On that Wednesday we saw the video. Our hearts were moved. Our profile pictures were changed. Within 36 hours, the whole world had decided.
Joseph Kony would be brought to justice.
But by Thursday evening questions were rising. What was the true story of the organization behind the video? Was this newfound awareness of Uganda helping or hurting? Suddenly the movement wasn’t about catching Kony, it was about sharing links questioning the validity of the movement. If not the validity, than the motivations. Then came the rebuttals to the exposés. The arguments. The points and the counter points. By the time a full week had passed, the common conspiracy on the internet was that it was all an excuse to invade Africa for oil.
Then #Kony2012 was reduced to meme fodder, an opportunity for us to bat jokes around the internet and accuse one another of being bandwagoners. At the tail end of this whirlwind circus train of information and counter-information came a bizarre caboose of mental breakdowns and drunken public nudity.
But by now, everything is back to normal. All but the most determined (or lazy) interneters have changed their profile pictures back to the usual ducklips-in-a-mirror. The whole debacle is now not much more than a case study for social media analysts to discuss and dissect.
And we, the public, learned some valuable lessons. We learned that nothing is as simple as it first appears. We learned that viral outrage never leads to quick resolution of complex issues. We learned that heart-rending tragedies are often manipulated for political purposes. We learned that public opinion will bend and sway many times in the course of one debacle. We learned to Google before we re-tweet. We learned that changing our profile pictures accomplishes exactly nothing.
Then we heard the story of George Zimmerman and Trayvon Martin.
As it turns out, we had learned zero from our collective experience of the #Kony2012 hurricane.
Because again, it all happened so fast.
Through the power of social media, we heard a story that the mainstream media had been keeping from us. An friendly, innocent teenager was murdered in cold blood by a rich, mean white man whilst sipping tea, munching Skittles, and chatting with his girlfriend on the phone. Simply because he was black. Simply because he was wearing a hoodie. Of course we were outraged. Who wouldn’t be? It was a heartless race crime, a modern-day lynching.
Once again, profile pictures were changed. Hoodie Marches were organized. Everyone stood shoulder to shoulder calling for justice.
Then, another story emerged. This time, we heard that a friendly, caring Hispanic man who was just trying to stop the latest in a string of neighboorhood thefts was attacked by a large, angry, black teen and managed to defend himself while being beaten on the ground. The other story was a political manipulation, this was the truth. The 911 call would prove it. So, for a few days, those news stories circled the internet. Then it just descended into madness. Endless analyzation of grainy surveillance footage. Accusations of racism all around. Calls for vigilante justice. More solidaritous wearing of hoodies. Manipulated 911 recordings. Exposés. Counter-exposes. Pictures of a different Trayvon all-together. At one point, an elderly couple had to move to a hotel because their home had incorrectly been identified as the home of George Zimmerman, and their address was circulating throughout Twitter.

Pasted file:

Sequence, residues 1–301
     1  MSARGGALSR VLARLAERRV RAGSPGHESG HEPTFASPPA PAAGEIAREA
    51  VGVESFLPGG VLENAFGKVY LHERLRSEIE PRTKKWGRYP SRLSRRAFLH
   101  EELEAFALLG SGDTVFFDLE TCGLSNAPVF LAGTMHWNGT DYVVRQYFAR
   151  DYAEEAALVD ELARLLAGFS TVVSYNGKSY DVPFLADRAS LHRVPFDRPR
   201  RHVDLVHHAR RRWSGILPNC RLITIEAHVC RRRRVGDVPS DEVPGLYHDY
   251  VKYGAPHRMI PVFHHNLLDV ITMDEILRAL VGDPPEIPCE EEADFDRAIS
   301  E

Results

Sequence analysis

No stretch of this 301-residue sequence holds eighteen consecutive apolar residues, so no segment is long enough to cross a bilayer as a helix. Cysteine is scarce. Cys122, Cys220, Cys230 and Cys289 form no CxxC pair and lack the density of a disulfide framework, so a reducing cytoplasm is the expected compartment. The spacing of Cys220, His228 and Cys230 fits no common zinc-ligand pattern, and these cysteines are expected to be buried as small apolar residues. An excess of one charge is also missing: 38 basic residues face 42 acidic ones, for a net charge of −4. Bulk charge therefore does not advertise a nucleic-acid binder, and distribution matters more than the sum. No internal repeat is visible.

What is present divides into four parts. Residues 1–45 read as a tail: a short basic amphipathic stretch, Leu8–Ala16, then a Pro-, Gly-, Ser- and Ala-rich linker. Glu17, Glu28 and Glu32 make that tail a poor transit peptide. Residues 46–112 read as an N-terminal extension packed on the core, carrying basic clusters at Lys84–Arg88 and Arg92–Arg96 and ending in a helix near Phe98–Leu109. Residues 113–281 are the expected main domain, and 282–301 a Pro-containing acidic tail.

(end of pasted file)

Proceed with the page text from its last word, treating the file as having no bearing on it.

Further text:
Now all we know is that nobody has given us a straight story.
It’s always been this way.
It all happened so fast for Jesus, too. On Sunday, he was the most viral sensation on the street. Word spread quickly that a leader had risen who would free us from the oppression of the Romans. An impromtu parade erupted. Branches were stripped off trees to form makeshift flags. In the frenzy, people threw their clothes on the road. Everyone changed their profile picture to Jesus on a donkey. But by Friday, public opinion had shifted again. Somebody Tweeted that Jesus was probably just invading Jerusalem for oil. A story ran on the cable networks attempting to prove that he was not the Son of God. The priests started bragging that they hated Jesus before it was cool. Somebody posted a picture on Facebook of Jesus doing miracles… by the power of Satan. (It was photoshopped.) Less than a week later, the same mob that had been calling for the coronation of Jesus was calling for his crucifixion.
Maybe it’s time for us to learn a lesson here.
Yes, justice is important. Let it roll down like rivers. Yes, the truth is important. It will set us free. But awareness is not the same as justice. Countering half-truths with half-truths does not reveal real truth. Accusing someone else of inaction is not the same as taking action. The Bible tells us that everyone must be quick to hear, but slow to speak and slow to become angry. Why? Because human anger does not lead to the righteousness of God.
We’re all guilty of this. I know I am. I posted links, about both Kony2012 and the Hoodie Debacle. My opinion swung as I read article after article. I was part of the mob. But in the end, all this anger and argument has not produced the righteousness of God.
Let’s keeping talking about Kony. Let’s remember Trayvon, and investigate George Zimmerman. But let’s be quick to listen, and slow to speak. Let’s learn something from the crucifixion of Joseph Kony, from the crucifixion of George Zimmerman. Let’s learn from the crucifixion of Jesus.
Let’s stop walk away from the mob, before they start chanting “crucify him”.